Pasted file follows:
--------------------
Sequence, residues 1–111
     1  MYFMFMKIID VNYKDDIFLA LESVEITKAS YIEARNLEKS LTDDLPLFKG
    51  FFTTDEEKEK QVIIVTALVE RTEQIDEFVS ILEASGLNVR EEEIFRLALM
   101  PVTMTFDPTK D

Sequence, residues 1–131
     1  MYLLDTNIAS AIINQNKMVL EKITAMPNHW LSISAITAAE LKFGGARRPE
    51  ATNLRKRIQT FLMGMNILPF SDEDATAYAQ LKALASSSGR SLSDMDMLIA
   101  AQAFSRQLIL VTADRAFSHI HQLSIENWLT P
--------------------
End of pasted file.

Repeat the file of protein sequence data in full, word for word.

Sequence, residues 1–111
     1  MYFMFMKIID VNYKDDIFLA LESVEITKAS YIEARNLEKS LTDDLPLFKG
    51  FFTTDEEKEK QVIIVTALVE RTEQIDEFVS ILEASGLNVR EEEIFRLALM
   101  PVTMTFDPTK D

Sequence, residues 1–131
     1  MYLLDTNIAS AIINQNKMVL EKITAMPNHW LSISAITAAE LKFGGARRPE
    51  ATNLRKRIQT FLMGMNILPF SDEDATAYAQ LKALASSSGR SLSDMDMLIA
   101  AQAFSRQLIL VTADRAFSHI HQLSIENWLT P